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Gilead to buy cancer drugmaker Immunomedics in $21 billion deal – CNBC

A scientist at Gilead Sciences analyzes patient antibody levels at the Gilead laboratory in Foster City, California.

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Gilead Sciences will acquire biotech company Immunomedics in a $21 billion deal that will expand Gilead’s availability of cancer treatments, the companies announced on Sunday. 

The deal will provide Gilead access to the drug Trodelvy, an FDA-approved treatment for metastatic triple-negative breast cancer.

Gilead said it will acquire Immunomedics for $88 per share in cash. The offer will be funded through about $15 billion in cash on hand and $6 billion in newly issued debt. The transaction is anticipated to close in the fourth quarter of 2020, according to the statement. 

“This acquisition represents significant progress in Gilead’s work to build a strong and diverse oncology portfolio,” Gilead Chief Executive Daniel O’Day said in a statement. 

“Trodelvy is an approved, transformational medicine for a form of cancer that is particularly challenging to treat,” O’Day said. “We will now continue to explore its potential to treat many other types of cancer, both as a monotherapy and in combination with other treatments.” 

Immunomedics has a market value of roughly $10 billion after the company’s shares nearly doubled this year. 

The deal comes as Gilead’s hepatitis C business has struggled in recent years and its overall sales have fallen as the coronavirus pandemic weakens demand for some drugs. Gilead’s sales fell 10% during the second quarter to $5.1 billion. 

In recent years, biotech companies have pushed deep into cancer treatments. According to the World Health Organization, cancer is the second leading cause of death globally, killing nearly 10 million people in 2018.

Gilead has also recently turned its attention to the pandemic. In May, the Food and Drug Administration granted Gilead’s antiviral drug remdesivir an emergency use authorization, allowing hospitals and doctors to use the drug on patients hospitalized with Covid-19 even though the drug has not been formally approved by the agency. The intravenous drug has helped shorten the recovery time of some hospitalized patients.

It is currently developing an inhaled version of the drug, which it will administer through a nebulizer, a delivery device that can turn liquid medicines into mist.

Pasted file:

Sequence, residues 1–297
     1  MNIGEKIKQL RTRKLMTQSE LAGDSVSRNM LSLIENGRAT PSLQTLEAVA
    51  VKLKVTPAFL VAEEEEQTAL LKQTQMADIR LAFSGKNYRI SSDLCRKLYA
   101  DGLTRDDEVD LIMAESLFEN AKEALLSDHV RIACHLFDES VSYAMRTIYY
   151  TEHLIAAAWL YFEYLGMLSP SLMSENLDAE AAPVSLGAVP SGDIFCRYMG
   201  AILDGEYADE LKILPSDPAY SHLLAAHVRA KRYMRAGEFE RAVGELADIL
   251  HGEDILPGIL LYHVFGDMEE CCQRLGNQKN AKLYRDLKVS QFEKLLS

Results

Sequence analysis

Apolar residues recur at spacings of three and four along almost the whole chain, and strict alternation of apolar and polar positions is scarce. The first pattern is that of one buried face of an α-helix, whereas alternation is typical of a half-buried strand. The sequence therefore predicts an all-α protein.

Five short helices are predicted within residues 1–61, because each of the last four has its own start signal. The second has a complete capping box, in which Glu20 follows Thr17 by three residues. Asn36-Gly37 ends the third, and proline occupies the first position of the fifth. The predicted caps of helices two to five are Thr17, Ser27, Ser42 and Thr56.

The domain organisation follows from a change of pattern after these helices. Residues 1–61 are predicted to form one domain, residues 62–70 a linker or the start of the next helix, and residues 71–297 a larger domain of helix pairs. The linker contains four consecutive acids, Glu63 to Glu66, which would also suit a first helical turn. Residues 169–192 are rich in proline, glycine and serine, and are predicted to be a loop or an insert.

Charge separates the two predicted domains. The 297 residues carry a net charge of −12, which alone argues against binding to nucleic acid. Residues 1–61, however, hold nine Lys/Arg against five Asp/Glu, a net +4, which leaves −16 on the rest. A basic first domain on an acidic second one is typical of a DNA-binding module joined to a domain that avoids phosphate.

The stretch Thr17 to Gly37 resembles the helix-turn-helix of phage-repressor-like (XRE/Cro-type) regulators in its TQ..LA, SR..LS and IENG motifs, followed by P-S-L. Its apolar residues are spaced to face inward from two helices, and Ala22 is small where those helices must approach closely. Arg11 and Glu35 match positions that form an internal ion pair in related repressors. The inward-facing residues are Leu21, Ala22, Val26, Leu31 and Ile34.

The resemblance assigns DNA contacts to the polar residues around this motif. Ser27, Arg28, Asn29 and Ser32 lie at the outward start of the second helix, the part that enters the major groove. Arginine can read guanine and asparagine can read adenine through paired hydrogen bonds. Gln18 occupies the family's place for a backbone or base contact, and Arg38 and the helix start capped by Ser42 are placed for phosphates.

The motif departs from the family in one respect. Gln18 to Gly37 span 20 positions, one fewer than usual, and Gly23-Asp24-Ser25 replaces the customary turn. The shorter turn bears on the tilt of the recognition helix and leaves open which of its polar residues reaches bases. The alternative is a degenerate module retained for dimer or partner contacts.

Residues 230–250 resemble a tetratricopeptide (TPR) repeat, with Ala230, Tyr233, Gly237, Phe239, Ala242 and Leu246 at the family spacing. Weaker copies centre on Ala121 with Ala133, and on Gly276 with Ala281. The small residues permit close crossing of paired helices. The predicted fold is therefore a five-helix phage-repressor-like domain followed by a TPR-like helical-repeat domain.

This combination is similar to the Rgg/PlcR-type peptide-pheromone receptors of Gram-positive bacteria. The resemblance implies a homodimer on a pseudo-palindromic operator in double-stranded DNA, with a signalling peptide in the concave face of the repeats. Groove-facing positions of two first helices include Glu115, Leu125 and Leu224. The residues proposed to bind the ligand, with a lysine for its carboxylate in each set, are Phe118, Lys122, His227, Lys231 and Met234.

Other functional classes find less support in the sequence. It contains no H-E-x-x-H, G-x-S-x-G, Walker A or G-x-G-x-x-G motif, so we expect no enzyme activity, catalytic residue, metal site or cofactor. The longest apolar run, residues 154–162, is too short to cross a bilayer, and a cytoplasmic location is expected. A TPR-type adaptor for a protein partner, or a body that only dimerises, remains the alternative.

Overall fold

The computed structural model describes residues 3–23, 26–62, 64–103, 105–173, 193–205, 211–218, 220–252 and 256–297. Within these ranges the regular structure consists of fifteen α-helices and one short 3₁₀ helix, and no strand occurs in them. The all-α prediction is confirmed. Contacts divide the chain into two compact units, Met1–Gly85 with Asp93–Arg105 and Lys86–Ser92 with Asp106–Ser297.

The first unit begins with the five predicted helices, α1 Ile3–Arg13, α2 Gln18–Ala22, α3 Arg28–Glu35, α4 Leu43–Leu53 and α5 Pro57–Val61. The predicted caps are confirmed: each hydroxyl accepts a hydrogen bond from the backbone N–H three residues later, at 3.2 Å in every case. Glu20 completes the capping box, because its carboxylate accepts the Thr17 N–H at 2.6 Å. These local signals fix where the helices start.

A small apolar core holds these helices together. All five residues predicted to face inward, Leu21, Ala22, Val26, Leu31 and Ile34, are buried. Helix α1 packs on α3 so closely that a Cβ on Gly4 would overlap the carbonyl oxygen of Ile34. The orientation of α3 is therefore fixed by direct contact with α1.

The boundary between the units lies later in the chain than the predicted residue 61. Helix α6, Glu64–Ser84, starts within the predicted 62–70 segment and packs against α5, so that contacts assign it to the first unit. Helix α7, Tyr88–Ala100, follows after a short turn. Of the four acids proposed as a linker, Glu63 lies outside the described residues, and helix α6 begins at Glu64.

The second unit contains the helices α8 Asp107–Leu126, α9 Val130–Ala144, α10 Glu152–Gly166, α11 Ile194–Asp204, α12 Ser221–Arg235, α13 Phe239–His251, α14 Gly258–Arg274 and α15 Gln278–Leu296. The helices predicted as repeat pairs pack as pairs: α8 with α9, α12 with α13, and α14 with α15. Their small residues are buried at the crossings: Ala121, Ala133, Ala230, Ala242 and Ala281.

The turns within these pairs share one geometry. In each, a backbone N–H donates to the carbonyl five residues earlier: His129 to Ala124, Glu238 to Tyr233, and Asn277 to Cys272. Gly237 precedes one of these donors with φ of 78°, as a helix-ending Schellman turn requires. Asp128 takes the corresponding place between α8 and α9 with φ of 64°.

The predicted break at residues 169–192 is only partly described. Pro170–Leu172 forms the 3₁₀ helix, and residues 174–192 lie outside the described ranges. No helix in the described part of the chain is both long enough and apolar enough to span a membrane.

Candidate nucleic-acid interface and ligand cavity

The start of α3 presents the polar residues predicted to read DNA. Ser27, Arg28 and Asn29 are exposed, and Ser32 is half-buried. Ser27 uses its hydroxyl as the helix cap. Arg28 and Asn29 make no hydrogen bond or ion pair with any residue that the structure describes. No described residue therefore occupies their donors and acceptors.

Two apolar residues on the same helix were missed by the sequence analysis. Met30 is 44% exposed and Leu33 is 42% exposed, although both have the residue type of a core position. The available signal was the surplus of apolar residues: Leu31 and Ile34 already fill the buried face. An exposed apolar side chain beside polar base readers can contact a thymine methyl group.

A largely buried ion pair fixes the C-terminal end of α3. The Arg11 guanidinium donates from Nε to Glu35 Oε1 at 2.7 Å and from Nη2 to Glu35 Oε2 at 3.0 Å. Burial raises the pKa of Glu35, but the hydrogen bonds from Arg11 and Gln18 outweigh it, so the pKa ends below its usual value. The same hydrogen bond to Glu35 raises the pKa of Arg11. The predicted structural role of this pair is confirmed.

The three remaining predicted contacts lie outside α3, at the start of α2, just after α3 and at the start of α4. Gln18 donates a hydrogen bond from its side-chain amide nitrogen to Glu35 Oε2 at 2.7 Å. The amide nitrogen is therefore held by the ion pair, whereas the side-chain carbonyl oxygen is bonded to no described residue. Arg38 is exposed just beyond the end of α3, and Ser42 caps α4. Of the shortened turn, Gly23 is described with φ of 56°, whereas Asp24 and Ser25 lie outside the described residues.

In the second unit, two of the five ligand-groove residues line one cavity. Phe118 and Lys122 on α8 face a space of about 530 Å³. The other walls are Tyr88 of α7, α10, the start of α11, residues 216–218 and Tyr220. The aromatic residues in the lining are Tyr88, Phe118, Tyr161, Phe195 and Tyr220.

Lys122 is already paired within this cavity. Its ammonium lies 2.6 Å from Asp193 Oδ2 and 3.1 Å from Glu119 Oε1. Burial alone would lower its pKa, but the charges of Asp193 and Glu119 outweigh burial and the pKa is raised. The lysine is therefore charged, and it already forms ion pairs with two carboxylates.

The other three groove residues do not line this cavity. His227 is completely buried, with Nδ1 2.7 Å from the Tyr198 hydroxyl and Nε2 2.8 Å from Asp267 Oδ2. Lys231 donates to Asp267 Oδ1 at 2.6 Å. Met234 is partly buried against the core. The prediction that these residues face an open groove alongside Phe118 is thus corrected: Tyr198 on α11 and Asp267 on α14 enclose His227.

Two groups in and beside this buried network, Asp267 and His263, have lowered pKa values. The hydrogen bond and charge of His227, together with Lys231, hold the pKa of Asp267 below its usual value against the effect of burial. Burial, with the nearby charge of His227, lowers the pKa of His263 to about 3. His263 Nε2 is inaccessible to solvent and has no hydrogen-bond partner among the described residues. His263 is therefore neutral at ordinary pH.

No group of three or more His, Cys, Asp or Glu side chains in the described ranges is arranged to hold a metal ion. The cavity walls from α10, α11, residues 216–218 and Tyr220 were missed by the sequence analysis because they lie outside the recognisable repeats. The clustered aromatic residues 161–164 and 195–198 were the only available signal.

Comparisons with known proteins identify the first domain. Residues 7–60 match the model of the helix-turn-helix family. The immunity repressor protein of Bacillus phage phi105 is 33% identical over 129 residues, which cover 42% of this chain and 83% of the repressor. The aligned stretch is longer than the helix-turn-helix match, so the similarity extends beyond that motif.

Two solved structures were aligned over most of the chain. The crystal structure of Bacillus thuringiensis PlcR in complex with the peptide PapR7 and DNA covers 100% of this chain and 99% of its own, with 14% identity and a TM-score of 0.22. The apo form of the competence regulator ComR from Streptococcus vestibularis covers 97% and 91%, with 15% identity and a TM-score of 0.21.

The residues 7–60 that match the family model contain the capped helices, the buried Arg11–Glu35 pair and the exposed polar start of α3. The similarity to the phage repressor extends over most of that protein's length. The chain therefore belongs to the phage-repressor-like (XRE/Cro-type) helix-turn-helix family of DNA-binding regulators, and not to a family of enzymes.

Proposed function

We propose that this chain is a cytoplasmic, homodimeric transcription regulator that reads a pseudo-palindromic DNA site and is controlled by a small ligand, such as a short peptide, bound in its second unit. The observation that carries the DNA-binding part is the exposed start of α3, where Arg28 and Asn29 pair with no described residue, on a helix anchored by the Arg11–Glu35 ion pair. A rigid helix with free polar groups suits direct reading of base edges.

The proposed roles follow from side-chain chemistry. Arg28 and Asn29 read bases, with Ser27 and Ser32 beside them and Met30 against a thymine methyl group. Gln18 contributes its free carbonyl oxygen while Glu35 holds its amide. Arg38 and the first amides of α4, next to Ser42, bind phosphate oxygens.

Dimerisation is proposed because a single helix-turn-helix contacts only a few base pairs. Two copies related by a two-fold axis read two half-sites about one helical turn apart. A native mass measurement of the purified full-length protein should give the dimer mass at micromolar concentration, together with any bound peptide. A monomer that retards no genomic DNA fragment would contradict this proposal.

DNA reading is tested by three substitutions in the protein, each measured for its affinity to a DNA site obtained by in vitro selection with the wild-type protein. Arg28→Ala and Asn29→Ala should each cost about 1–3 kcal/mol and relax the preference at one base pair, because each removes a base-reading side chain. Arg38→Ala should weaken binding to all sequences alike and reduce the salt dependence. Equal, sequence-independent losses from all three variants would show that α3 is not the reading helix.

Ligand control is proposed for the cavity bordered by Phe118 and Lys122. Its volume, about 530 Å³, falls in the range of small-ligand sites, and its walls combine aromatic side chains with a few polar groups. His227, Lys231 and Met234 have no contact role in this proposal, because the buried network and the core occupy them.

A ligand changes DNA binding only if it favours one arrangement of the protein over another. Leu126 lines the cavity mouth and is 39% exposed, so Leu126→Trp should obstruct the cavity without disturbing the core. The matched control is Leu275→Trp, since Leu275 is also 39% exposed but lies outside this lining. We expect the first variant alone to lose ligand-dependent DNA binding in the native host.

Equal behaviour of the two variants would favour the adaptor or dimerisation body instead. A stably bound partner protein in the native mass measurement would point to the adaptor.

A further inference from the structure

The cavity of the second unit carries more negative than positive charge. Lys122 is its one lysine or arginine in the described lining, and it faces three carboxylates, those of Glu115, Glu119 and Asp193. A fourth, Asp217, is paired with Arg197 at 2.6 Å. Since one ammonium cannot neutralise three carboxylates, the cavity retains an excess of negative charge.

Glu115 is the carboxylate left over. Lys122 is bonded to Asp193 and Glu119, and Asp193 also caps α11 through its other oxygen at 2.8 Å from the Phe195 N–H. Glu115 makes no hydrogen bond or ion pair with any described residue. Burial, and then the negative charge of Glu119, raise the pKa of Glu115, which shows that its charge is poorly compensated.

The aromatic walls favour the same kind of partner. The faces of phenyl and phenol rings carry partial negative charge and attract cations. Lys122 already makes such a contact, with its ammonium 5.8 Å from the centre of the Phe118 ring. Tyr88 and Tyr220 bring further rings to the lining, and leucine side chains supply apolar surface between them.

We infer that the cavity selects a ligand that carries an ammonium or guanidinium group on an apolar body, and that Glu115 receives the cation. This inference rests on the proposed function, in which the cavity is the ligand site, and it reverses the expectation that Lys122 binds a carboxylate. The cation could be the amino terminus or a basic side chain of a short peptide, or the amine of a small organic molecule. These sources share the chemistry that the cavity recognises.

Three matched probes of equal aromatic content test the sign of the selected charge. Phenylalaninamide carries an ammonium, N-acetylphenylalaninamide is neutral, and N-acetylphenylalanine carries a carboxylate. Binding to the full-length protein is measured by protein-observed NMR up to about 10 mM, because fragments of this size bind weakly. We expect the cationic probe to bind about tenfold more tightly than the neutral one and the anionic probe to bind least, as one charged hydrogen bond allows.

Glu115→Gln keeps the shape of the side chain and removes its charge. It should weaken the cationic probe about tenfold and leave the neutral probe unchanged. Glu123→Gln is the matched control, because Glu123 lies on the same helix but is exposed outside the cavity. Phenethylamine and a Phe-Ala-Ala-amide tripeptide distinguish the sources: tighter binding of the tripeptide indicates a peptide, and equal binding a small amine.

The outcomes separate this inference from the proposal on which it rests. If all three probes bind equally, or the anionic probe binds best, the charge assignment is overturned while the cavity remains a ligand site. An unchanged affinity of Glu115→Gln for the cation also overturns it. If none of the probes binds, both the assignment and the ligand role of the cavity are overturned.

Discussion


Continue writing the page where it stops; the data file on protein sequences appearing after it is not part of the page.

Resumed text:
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Gilead Sciences

Gilead Sciences Stock Drops as Latest Data on Coronavirus Drug Not Good Enough – Barron’s

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Photograph by ULRICH PERREY/POOL/AFP via Getty Images

Gilead Sciences
stock is falling following the latest data from its trials of remdesivir in patients with Covid-19.

Gilead said that in its late-stage clinical trials of remdesivir in patients who were moderately ill with Covid-19, those taking the broad-spectrum antiviral medication for five days were 65% more likely to show clinical improvement, compared with those receiving standard care. However, no statistically significant improvement showed in patients taking a 10-day course of the medicine.

At the end of April, Gilead released a report showing improvement in patients taking remdesivir in a government-funded trial, although a different study in China did not yield similar results. A day later, the Food and Drug Administration authorized the emergency use of the drug for Covid-19.

It’s been a wild ride for Gilead stock, as hopes for remdesivir, created to fight ebola, wax and wane. Although the shares, up nearly 20% year-to-date through Friday’s close, jumped on hopes that it could deliver an effective coronavirus treatment regimen, many analysts warned that bulls had gotten ahead of themselves, especially as the company wasn’t profiting from the drug yet. Yet others balanced estimates of what Gilead might charge for a treatment against potential supply shortages.

Some recent estimates peg the drug’s sale at $1.1 billion this year, which has some analysts more hopeful about potential continued gains for the stock.

Disappointment among bulls looking for more solidly upbeat news in the most recent trial may be contributing to today’s slide. While the improvement in patients on the five-day course of treatment was positive, the results weren’t as overwhelming as some might have hoped, and the lack of benefit to the ten-day treatment cohort clouded the picture even more.

As Jefferies’ Michael Yee notes, “consensus already understands remdesivir is not a silver bullet.” That said, with a “statistically significant positive (but modest) result,” bulls and bears are likely to be able to pull what they like from the report.

Evercore ISI’s Umer Raffat notes that “a fair amount of critical data has not been disclosed just yet,” which could also be tempering reaction to the trail results—especially, he notes as the primary endpoint was changed from patients discharged after two weeks to improvement after 10 days.

At this point, a good deal of investor sentiment was already focused back again on the hunt for a vaccine. In addition, the most recent Gilead data is for moderately ill patients, i.e. those most likely to survive anyway. That’s less dramatic than a headline about the drug helping the patients most in danger, and while remdesivir will likely continue to be used in the fight against Covid-19, those wary that Gilead’s shares already reflected too much optimism may feel less inclined to stick around.

Gilead was down 3.9% at $74.79 at 11:02 a.m., while the S&P 500 was off up 0.1%, and the Dow Jones Industrial Average has ticked up 34.18 points, or 0.1%. The iShares Nasdaq Biotechnology ETF (IBB) has declined 0.5%.

Write to Teresa Rivas at

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